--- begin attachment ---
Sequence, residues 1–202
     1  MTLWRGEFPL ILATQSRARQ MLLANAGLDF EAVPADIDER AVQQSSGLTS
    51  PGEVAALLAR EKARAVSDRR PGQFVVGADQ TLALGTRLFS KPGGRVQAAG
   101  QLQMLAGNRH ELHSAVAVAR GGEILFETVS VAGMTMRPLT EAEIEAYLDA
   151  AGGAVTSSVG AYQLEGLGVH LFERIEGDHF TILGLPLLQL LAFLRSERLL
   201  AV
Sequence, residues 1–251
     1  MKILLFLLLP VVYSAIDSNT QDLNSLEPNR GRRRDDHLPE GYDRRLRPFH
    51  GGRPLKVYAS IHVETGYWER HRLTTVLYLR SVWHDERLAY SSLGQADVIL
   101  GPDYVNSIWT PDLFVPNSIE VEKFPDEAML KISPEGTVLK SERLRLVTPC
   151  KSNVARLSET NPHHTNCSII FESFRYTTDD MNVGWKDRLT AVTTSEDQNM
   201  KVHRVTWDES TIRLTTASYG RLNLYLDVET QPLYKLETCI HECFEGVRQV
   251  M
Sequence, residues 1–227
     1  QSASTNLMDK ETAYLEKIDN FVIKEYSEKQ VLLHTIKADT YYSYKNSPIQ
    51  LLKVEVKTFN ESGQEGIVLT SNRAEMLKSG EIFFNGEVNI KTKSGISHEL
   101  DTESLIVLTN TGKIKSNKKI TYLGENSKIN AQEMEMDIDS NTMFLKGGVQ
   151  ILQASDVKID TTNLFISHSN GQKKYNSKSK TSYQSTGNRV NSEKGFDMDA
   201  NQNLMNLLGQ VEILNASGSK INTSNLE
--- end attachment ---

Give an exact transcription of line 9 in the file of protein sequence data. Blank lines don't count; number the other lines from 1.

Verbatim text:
    51  GGRPLKVYAS IHVETGYWER HRLTTVLYLR SVWHDERLAY SSLGQADVIL